Sunday, 30 March 2008

Dogs in Islam

In the early hours of my first morning in Koh Lanta I was awoken by a noise. It took me a while to get my head around what it was that I was listening to.

Awake but eyes still closed I let out a huge sigh and thought “What is that?”

“It sounds peaceful, but it’s loud enough to wake me up.”

“ It sounds like singing.”

Another sigh, or more like a pleasant, contemplative groan.

“It’s veeery spiritual !”

Suddenly an image of the women I’d seen wearing veils the day before when I arrived, flashed up before my eyes.

“Oh! It’s the call for prayer!” I realised.

“How bizarre – I had no idea there was a muslim population here. I thought they were Buddhists!”

And with that I drifted off to sleep again.

The next day I had several discussions with people who all clarified that yes – the inhabitants of Koh Lanta are predominantly Muslim, as oppose to the Buddhism I’d ignorantly assumed. I was really surprised. It’s not that I have any aversion to the muslim faith at all, but I couldn’t understand why I hadn’t been aware of that fact - particularly as I’d spent time in Koh Lanta before.

Over the next few days I started to notice how there were loads of cats around Kan Tiang Bay – but no dogs. That also completely threw me. I remember there being loads of dogs before. I often fondly look back on a memory I have of skipping along the beach of Koh Lanta with my head phones on carrying a little puppy in my arms. It had been trotting along behind me while I was walking. Put a dog lover, a really cute puppy, and a walk along the beach together – and it was inevitable I would end up picking it up! But anyway – where was that place? There are no dogs here in Kan Tiang Bay?

Previously I had been staying further North on the island – at Long Beach. My friend was staying there this year, and when we visited I was relieved to see – that yes – there were dogs around – quite a few of them. So – No – I wasn’t going mad.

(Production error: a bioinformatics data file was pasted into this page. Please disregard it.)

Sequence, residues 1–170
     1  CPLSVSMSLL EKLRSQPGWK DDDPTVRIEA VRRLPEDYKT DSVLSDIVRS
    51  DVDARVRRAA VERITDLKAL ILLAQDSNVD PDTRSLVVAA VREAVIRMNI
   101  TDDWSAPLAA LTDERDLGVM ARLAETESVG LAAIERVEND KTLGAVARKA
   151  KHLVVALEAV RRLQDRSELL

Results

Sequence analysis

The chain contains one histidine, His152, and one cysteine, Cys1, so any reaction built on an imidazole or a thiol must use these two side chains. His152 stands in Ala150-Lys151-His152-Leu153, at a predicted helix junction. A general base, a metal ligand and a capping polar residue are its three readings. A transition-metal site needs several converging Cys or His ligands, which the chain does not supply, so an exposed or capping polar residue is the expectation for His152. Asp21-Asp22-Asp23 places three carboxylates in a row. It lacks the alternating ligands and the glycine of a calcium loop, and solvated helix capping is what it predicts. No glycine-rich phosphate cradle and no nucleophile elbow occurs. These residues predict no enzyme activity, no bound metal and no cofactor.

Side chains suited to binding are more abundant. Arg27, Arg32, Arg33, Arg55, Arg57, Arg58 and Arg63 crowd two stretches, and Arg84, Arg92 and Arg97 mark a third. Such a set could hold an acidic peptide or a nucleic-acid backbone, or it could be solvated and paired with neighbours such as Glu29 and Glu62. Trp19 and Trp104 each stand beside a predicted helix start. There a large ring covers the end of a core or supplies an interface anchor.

I was intrigued to know why there were loads of dogs on one part of the island, yet further South, there were none – though there were loads of cats! I am allergic to cats – but I love dogs!

Aside from the obvious increase in number of dogs, I also noted that further North on the island there were less signs of the muslim faith. I didn’t hear any call for prayers, and didn’t see so many women in traditional clothing.

“hmmmm – I wonder if the two are connected? “

A few of my friends confirmed that they believed muslims didn’t like dogs, and with a little bit of investigation on the good old tinternet – I discovered an entire tin of worms.

It would seem that there is some confusion within the muslim faith over how dogs ought to be treated. There are those that follow the belief that dogs are unclean, and those that believe that all creatures are from Allah and are deserving of love. In general though dogs have been viewed as impure and unclean, especially their saliva, and many jurists have declared that it is not permissible to keep dogs as pets, though it is permissible to keep a dog for security purposes, hunting and farming.

Here are some informative links for those of you who want to know more...

“Q.) I am a 15 year old Muslim American and my mother is buying a dog. I heard that if I touch the dog, I cannot pray. Is this true? What should I do?”

Dogs in Islam: Traditionally, dogs have been seen as impure, and the Islamic legal tradition has developed several injunctions that warn Muslims against most contact with dogs.

We are, however, not allowed to keep a dog as a pet, since it is not a very clean animal.

Fabricated hadiths contradict the Quran. Many of them narrated by Abu Hurayra. Abu Hurayra, whose name is translated as , father of the little cat, hated dogs and women and from his mouth came many hadiths that insulted women and cursed the dogs and make them undesirable animals that need to be avoided and in other hadiths killed.

In The Daily Mail a couple of years ago.
A Muslim minicab driver refused to take a blind passenger because her guide dog was "unclean".

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